By Cmdr. Dennis J. Faix, MC, USN; Anthony Hawksworth, Cmdr. Patrick J. Blair, MSC, USN
Military recruits are particularly vulnerable to respiratory infections like the cold or flu because of crowded living quarters and shared facilities. Adenoviruses, a large family of viruses, are the most common cause of respiratory infections and outbreaks in military recruits. “Boot camp flu” and “recruit hack” are familiar slang terms often used in the training environment.
Adenovirus infections decreased dramatically at basic training centers between 1971 and 1996 following immunization with a vaccine against two types of adenovirus. However, the disease reemerged when production of the vaccine ceased and vaccination was discontinued. Since 1996 the Naval Health Research Center (NHRC) in San Diego, has conducted surveillance studies at eight DoD training sites. This surveillance has allowed for an historical record of the prevalence of adenovirus infections and was the reason for re-establishing the vaccine in DoD in 2011.
In 2007, a multi-center study of a new vaccine was conducted by investigators from the Naval Health Research Center and Walter Reed Army Institute of Research located in Silver Spring, Md., to assess the new vaccine’s safety and efficacy. Recruits at two basic training sites were randomly assigned to receive either the new vaccine or a placebo. Vaccine efficacy was 99.3 percent. As a result of this safety trial, the new vaccine was FDA approved for use in the military in 2011. After October 2011, when recruits began to received the vaccine, adenovirus infections have almost disappeared from the training sites, likely attributable to the new vaccine.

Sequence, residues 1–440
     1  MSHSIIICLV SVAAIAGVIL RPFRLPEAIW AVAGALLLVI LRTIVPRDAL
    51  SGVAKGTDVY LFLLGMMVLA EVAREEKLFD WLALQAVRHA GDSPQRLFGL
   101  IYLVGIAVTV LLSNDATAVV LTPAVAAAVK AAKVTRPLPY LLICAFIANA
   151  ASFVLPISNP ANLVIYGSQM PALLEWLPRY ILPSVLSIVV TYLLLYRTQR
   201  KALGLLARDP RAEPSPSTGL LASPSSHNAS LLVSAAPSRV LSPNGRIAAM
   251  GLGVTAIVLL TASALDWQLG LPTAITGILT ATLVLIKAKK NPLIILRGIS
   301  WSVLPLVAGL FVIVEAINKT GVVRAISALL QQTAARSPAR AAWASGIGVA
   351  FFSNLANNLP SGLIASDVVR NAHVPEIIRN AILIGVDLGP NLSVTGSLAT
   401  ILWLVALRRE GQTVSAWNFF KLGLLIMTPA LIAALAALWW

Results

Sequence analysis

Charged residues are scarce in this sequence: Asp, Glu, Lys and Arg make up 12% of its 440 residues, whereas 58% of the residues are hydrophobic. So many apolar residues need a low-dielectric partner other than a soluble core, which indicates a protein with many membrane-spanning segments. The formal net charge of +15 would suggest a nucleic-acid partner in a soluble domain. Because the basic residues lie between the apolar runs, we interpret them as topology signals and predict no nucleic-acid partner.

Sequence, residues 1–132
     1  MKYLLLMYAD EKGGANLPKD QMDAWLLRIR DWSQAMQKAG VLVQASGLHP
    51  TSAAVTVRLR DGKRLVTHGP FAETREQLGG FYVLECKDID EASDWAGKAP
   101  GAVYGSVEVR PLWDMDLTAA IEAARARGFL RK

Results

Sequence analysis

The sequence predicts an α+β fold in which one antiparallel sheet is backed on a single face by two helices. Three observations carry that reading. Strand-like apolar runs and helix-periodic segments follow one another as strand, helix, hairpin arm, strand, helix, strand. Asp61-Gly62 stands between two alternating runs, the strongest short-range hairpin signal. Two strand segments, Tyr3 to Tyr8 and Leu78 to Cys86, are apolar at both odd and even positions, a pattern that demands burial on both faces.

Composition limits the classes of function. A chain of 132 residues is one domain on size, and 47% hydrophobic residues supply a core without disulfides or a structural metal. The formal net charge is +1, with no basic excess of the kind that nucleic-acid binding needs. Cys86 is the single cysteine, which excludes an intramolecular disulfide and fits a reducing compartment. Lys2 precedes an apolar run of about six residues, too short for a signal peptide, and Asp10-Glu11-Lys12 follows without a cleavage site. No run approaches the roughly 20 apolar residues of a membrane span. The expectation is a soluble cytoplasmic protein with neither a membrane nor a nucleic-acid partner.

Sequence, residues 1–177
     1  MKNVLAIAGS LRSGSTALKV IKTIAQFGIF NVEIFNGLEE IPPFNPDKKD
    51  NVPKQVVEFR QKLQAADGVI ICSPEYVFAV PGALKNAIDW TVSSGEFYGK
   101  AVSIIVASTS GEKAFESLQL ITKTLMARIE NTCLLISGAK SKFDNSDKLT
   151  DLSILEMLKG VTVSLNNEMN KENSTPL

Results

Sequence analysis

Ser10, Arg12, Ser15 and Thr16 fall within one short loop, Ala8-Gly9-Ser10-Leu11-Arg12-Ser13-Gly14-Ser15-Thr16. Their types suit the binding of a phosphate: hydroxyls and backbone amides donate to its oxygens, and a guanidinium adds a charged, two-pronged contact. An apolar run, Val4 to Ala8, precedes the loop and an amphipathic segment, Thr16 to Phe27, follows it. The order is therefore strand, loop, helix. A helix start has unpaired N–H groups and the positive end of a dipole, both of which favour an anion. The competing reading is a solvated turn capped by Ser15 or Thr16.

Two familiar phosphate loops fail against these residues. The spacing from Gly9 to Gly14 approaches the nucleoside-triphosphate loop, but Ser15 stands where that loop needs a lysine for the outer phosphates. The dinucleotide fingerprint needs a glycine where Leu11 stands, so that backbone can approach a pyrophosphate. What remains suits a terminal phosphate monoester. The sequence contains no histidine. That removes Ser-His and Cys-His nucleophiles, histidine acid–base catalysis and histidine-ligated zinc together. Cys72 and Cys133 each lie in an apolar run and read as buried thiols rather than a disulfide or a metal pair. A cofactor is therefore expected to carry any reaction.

Recent data from the Naval Health Research Center noted a remarkable reduction of almost 75 percent in the febrile respiratory illness rates beginning in mid-November 2011.
While rates will be monitored well into the future, we are encouraged. It is extremely gratifying to see the work of so many professionals culminate with such a clear demonstration of the effectiveness of this new vaccine – the people who worked on this project can be proud that their efforts in preventing recruit illness and saving lives.
The NHRC develops and delivers operational biomedical research solutions that enhance the health, safety, readiness, and performance of our military forces.
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The Naval Health Research Center’s role in the adenovirus surveillance and vaccine testing.
- Conducted Febrile Respiratory Illness surveillance to monitor adenovirus infection in recruits at Basic Training Centers
- Served as reference laboratory for 2004 phase II study of Ad4/Ad7 vaccine
- Co-led 2007 phase III vaccine trial, managing one of the two clinical sites
- Performed all of the virologic testing for the trial in compliance with established Good Laboratory Practices and FDA standards
- Continues the long term, ongoing Febrile Respiratory Illness surveillance to monitor effectiveness of the vaccine